As it turned out, both the Sinhalese bourgeoisie and the LTTE rebelled against the Indian imposed “settlement,” albeit for opposite reasons, and the IPKF was forced to unilaterally withdraw in 1990 after suffering significant casualties in its campaign to disarm the LTTE.
In the 1990s, the Cold War having come to an end and the Indian bourgeoisie’s foreign policy having undergone a dramatic shift in correspondence with its new orientation toward full integration in the world capitalist economy, New Delhi re-established close relations with Colombo and later secured a free trade agreement with Sri Lanka that it views as a model for other countries in the region.
India’s aim in recent years has been to bring the civil war in Sri Lanka to an end to promote political stability in the region. In furtherance of that goal, it has provided increased military support to Colombo, while intermittently urging it, albeit not too forcefully, to cede to one or more Tamil-majority provinces’ powers, akin to those wielded by India’s states. Its principal concern however has been to block China, Pakistan, and to a lesser extent the US, from gaining too much influence in Colombo, by ensuring that they do not get the upper hand as the Sri Lankan state’s principal political and military ally. This is part and parcel of the Indian bourgeoisie’s drive to secure its position as the dominant regional power in South Asia and from that base vie for influence as a nuclear-armed, “world power.”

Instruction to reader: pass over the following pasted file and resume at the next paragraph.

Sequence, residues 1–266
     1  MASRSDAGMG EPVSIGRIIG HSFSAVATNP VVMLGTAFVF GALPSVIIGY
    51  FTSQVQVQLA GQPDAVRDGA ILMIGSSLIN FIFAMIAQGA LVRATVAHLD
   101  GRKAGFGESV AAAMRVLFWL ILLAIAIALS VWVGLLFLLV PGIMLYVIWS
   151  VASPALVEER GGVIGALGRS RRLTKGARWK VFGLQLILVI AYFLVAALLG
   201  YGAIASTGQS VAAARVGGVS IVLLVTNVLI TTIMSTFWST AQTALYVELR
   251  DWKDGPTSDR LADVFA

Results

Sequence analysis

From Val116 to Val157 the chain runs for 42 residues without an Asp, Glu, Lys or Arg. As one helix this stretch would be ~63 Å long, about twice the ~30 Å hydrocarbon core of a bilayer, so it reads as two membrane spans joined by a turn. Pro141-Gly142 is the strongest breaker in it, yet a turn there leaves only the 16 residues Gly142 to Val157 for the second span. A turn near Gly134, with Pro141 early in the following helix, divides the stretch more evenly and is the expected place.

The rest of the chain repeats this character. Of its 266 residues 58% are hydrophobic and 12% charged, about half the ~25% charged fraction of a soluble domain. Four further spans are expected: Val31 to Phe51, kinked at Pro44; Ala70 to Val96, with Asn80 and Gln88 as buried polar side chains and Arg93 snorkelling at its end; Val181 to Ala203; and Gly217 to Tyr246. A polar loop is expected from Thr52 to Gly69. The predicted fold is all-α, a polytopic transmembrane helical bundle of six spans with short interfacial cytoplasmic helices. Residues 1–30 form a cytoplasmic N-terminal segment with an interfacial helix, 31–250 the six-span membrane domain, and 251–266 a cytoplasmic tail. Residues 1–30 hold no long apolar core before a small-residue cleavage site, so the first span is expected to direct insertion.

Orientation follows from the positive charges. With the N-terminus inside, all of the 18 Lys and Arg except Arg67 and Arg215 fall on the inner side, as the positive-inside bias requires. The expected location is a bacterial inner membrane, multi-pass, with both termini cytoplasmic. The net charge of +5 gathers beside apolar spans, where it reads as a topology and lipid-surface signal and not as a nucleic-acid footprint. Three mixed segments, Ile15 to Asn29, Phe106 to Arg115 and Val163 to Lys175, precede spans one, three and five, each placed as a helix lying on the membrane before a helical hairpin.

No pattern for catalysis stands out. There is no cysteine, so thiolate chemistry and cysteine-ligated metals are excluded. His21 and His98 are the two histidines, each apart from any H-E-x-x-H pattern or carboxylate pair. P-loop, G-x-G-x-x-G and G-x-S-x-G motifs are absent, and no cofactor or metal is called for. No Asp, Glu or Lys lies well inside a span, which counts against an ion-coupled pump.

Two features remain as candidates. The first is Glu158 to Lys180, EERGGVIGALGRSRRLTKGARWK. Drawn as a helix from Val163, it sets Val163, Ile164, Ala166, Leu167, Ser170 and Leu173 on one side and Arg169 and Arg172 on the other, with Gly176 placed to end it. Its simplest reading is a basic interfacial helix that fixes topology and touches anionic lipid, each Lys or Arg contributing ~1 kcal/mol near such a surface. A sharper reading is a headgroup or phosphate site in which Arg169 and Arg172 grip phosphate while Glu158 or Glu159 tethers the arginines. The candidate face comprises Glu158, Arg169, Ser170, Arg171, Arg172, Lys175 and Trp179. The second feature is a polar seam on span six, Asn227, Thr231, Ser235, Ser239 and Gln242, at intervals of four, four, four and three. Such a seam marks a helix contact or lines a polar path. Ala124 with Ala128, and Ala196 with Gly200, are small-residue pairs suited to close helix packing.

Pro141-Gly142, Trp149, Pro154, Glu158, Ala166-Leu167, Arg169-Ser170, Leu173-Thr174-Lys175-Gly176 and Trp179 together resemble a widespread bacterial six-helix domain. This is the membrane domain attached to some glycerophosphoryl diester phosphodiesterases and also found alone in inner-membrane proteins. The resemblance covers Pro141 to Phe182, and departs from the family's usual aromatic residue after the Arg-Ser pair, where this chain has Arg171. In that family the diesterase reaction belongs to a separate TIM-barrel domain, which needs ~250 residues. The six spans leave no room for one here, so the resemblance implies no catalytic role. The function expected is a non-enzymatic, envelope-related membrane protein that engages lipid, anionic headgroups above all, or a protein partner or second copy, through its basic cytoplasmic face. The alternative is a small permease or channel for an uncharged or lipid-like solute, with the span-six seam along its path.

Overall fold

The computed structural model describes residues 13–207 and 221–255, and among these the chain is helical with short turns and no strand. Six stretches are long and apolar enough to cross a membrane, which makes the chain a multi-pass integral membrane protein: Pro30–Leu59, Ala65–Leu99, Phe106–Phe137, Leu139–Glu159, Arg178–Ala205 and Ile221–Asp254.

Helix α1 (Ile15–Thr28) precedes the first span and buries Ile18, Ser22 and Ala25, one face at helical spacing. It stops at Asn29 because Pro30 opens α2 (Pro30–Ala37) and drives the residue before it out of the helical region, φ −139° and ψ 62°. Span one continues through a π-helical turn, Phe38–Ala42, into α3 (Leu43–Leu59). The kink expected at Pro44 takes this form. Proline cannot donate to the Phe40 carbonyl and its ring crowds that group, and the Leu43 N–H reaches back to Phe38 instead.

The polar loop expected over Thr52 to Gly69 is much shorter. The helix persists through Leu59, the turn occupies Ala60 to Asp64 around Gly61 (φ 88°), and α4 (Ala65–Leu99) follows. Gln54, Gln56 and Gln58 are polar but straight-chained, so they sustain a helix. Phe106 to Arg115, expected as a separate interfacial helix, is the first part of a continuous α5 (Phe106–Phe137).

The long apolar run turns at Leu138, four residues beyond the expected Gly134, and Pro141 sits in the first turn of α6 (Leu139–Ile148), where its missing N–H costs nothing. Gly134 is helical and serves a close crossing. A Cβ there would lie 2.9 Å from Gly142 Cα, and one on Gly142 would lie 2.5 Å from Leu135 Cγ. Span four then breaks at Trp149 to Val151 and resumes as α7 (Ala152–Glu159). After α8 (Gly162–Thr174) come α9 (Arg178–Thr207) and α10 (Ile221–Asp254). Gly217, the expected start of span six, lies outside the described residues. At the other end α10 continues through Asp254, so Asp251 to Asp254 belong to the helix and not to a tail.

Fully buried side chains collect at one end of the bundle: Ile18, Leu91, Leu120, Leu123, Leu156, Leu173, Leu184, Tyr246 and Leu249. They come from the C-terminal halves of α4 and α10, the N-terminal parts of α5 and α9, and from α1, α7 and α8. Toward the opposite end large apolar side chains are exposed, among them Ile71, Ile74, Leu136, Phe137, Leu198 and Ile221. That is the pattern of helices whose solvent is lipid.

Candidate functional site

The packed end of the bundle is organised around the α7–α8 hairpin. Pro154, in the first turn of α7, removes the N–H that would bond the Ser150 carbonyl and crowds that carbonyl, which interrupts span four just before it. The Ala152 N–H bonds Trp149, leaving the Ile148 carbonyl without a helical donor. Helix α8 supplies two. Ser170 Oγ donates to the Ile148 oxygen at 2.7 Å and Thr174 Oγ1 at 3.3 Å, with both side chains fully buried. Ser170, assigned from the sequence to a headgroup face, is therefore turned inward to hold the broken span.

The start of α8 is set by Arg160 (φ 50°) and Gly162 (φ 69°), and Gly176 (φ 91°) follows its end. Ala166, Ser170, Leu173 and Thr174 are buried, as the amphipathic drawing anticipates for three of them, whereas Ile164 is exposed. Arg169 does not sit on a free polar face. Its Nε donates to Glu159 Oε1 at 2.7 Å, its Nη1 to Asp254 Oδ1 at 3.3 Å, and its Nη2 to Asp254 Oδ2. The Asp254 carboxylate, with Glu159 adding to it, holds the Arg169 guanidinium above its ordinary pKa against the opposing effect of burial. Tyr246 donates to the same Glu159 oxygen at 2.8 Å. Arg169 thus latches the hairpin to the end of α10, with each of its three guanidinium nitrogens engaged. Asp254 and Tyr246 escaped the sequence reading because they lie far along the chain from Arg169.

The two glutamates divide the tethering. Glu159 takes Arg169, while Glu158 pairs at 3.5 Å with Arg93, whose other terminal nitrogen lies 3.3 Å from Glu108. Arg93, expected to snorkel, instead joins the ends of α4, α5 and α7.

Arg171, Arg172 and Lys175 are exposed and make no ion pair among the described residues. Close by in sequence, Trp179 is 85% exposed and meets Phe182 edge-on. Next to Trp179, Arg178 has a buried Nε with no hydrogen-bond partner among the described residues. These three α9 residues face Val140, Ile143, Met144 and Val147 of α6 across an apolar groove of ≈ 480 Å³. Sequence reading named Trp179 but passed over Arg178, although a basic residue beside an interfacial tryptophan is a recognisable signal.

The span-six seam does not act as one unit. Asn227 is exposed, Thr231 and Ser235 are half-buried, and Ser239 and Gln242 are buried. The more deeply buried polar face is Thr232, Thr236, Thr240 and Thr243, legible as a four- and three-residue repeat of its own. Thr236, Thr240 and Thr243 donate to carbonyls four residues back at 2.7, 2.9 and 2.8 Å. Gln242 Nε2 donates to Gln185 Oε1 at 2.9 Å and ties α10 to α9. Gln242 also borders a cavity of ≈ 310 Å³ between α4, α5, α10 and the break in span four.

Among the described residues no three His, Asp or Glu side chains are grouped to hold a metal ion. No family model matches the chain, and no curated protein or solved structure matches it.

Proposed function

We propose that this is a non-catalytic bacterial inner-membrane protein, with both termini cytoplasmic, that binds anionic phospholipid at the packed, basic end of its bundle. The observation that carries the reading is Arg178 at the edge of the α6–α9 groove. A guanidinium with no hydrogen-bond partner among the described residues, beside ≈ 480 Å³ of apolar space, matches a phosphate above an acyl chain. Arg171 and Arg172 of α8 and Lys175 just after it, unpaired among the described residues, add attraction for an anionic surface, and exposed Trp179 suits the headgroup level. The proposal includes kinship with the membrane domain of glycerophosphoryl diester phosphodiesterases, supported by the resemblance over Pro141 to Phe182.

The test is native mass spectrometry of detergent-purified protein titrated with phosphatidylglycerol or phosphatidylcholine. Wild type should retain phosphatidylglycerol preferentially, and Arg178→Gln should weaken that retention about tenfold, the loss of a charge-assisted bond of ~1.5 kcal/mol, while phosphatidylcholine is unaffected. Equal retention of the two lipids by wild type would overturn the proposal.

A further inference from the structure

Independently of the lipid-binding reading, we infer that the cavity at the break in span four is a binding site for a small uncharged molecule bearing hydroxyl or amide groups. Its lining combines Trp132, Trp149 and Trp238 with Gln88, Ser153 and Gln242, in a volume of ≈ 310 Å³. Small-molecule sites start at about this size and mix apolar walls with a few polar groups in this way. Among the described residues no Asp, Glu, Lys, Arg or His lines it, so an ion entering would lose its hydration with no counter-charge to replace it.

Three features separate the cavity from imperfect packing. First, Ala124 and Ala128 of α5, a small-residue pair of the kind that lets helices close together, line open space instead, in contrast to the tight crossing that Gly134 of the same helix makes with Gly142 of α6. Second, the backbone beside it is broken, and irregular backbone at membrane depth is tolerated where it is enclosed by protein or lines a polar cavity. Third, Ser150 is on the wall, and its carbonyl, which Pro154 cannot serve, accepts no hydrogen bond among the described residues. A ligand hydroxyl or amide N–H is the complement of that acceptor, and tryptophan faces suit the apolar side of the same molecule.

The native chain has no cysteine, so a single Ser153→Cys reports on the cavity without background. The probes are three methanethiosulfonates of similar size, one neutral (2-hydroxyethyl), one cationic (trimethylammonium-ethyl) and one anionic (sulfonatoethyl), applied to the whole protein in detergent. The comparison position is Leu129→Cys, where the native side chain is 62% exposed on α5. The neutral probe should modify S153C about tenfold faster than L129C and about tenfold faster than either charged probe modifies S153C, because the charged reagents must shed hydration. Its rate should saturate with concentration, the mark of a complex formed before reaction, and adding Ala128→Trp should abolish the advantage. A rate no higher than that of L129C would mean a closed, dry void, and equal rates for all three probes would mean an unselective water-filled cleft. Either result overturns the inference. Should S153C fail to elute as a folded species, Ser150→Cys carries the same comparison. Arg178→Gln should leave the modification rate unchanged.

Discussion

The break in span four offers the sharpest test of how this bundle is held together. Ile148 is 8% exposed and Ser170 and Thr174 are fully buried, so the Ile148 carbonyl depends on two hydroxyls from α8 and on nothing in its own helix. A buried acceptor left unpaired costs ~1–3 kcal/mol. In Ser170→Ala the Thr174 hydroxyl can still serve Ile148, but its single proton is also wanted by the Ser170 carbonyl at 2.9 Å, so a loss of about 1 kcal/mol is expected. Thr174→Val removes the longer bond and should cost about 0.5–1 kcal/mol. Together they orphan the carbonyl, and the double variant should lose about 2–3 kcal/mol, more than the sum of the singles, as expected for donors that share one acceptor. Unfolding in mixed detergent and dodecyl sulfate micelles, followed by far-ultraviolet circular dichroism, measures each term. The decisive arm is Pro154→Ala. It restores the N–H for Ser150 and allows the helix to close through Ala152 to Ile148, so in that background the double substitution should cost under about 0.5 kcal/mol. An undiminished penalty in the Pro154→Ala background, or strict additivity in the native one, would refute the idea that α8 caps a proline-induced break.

Workers in India cannot oppose Colombo’s communal war and support the oppressed people of Sri Lanka—the Tamil minority, but also the Sinhalese workers and peasants who are likewise the victims of the war—through the reactionary Indian capitalist state and the various parties of the Indian and regional Tamil bourgeoisie.
To do so requires building an independent political movement of the working class in India and across South Asia, advancing, in opposition to imperialism and the various rival national bourgeoisies, the fight for a Socialist Republic of Sri Lanka and Eelam as part of the struggle for a Federation of Socialist States of South Asia.